As stakeholders begin to pay more attention to ESG factors when making investment choices, producers are looking for ways to quantify the practices and decisions they make in the field to optimize and improve their ESG performance. Some are seeking third-party certification of their responsibly sourced gas (RSG) to demonstrate their ESG practices to their stakeholders.
“Investors, banks and insurers understand that ESG/climate risk is financial risk,” said Jennifer Stewart, principal advisor to Equitable Origin, an organization that provides independent certification of ESG practices. “Certification serves as external validation for these stakeholders that a company is doing what they say they are doing in their investor materials and sustainability reports.”
Investors across the board are seeking transparency into the products they buy, she explained. “The climate and ESG attributes need to be measured, quantified, verified and reported and then validated by a qualified, independent third party.”
The financial motivation to demonstrate ESG practices through RSG certification puts pressure on producers, with some positing that RSG certification may determine if a producer can sell their gas in the future.
“The theory here is that at some point in time, certified gas may become ‘table stakes,’ meaning that in order to sell gas at market price, a producer will need evidence that it was produced responsibly,” Stewart said. “If the gas is not certified, a producer may not be able to respond to an RFP [request for proposal], or the gas will sell at a discount.”
The strong push toward active and meaningful ESG practices and certified RSG comes from the market, Stewart explained. But the transition hasn’t been without its challenges.
Stewart lists cost, both in terms of cash and human resources, as a significant barrier.
“Certification under any of the current certification bodies is a robust process and requires significant data and document gathering, field visits, interviews, etc., so it creates a drain on already overworked staff,” she said. “The [Equitable Origin] certification process is very inexpensive, but there is some upfront cost to hire an independent assessment body.”
Another significant challenge is that despite being market driven, “the market doesn’t know what it wants yet.”
“Investors, banks and insurers understand that ESG/climate risk is financial risk.”
“It knows it wants clean, responsibly produced hydrocarbons,” Stewart said. “But it is not dictating how that is evidenced, so producers are trying to meet the demand as best they can with certification.”
A lack of standardization with regards to certification processes causes confusion as to which certifiers a producer should employ, she explained.
That confusion also affects the buying and trading of certified RSG. “What does not exist today is an exchange,” Stewart said. “[In other industries] there’s exchanges where you can buy the digital attribute to the electron. There’s no current exchange right now where certified volumes are listed on, so the volumes are listed on a registry right now to keep everyone accountable.”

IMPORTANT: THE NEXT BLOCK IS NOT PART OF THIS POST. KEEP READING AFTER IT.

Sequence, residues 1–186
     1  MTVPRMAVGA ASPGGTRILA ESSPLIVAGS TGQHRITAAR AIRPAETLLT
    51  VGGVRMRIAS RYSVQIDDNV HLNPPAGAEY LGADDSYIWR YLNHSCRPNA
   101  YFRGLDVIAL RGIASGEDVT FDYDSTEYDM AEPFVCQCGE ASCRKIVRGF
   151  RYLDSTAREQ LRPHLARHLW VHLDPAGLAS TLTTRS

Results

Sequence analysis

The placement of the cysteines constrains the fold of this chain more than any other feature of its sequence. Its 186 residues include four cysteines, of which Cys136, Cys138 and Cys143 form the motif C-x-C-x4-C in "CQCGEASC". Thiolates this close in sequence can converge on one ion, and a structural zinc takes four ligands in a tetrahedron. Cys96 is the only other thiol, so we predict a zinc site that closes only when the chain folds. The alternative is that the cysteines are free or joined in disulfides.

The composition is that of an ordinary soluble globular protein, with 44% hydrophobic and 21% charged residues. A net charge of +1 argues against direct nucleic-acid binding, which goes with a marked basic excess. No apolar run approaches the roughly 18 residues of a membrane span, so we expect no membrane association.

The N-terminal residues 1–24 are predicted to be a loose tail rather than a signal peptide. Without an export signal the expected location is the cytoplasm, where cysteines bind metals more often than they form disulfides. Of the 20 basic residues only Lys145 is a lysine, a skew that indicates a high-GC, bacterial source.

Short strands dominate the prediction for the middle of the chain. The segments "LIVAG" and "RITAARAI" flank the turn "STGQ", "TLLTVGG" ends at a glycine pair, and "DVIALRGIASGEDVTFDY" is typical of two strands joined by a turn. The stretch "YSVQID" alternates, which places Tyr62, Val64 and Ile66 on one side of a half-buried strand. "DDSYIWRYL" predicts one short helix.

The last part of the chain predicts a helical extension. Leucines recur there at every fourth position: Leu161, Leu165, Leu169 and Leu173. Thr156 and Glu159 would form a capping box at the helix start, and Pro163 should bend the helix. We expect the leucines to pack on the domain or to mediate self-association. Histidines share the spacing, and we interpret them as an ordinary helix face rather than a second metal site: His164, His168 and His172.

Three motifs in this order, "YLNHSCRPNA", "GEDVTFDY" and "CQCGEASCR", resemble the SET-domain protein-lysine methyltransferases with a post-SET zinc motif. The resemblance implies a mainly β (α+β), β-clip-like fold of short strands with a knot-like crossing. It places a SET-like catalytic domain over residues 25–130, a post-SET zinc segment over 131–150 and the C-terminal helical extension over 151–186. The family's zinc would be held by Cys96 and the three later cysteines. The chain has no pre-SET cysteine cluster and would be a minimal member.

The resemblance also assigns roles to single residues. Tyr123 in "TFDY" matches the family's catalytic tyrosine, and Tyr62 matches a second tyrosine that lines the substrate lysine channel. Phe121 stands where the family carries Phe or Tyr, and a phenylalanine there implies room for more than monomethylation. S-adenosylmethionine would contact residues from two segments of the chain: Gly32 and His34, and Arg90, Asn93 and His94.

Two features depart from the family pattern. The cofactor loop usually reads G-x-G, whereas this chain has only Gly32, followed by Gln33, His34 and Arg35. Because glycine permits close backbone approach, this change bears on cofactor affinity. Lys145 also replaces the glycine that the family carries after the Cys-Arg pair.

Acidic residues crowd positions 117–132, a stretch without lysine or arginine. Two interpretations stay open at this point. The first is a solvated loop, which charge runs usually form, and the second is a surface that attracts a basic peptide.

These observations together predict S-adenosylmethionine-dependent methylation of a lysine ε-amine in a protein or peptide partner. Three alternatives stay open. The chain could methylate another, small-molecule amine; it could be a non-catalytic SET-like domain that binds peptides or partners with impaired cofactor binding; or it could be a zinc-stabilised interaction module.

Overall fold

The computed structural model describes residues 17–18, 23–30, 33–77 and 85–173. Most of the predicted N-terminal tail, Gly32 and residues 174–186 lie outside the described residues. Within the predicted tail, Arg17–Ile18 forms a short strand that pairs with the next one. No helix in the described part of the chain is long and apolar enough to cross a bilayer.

Smart financial decisions drive efforts to certify producers’ ESG practices and responsible sourcing, but environmental concerns also play a role in the increased volume of third-party certified RSG buying and selling.
In a July op-ed for HartEnergy.com, Chris Romer, co-founder and CEO of Project Canary, a Denver-based ESG data analytics firm that helps companies measure and minimize emissions, pointed out that the technology and means to tackle some of the main causes of global warming are here already.
He specified eliminating fugitive methane emissions as an obtainable and impactful goal. “It’s not as well-known as CO2 and not as virtue-signaling friendly as metal straws, but it is the best step we can take,” he said.
Romer’s words come on the tail of the Supreme Court ruling in June regarding the authority of the U.S. Environmental Protection Agency (EPA) to regulate greenhouse-gas emissions from existing coal- and gas-fired power plants. The ruling restricted the sweeping regulatory powers granted to the EPA under the Clean Air Act anti-pollution law, limiting the EPA’s ability to create new regulations or enforce older ones.
“We have to act now,” Romer said. “The urgency is only increasing. Regulation will not be the salve we were hoping for.”
“We must now look to markets and consumers to solve this problem,” he said.
Stewart argues that the push for certifying RSG and other ESG practices already comes from the market independent of regulations, and the latest Supreme Court ruling will not have much of an effect on the existing ESG and RSG culture.
“Right now, the whole notion of certification is based around producers or operators going beyond regulatory requirements,” Stewart said. “[Producers] only have to inspect existing facilities two times a year in order to meet regulatory requirements. I don’t know this for a fact, but every producer that has gone through certification so far probably conducts field-based inspections on all of their assets, new and existing, and probably does it on a quarterly or monthly basis.”
“There’s no regulatory requirement to do this,” she said. “It’s a way of recognizing that only inspecting your sources two time a year, and not inspecting some of them at all. … It’s not the right thing to do from an environmental stewardship perspective.”
Stewart explained that many producers are stepping up and going above and beyond regulatory requirements, independent of federal oversight.
“I think this is because they recognize that they have to do a lot,” she said. “Those that are seeking certification are already good actors.”
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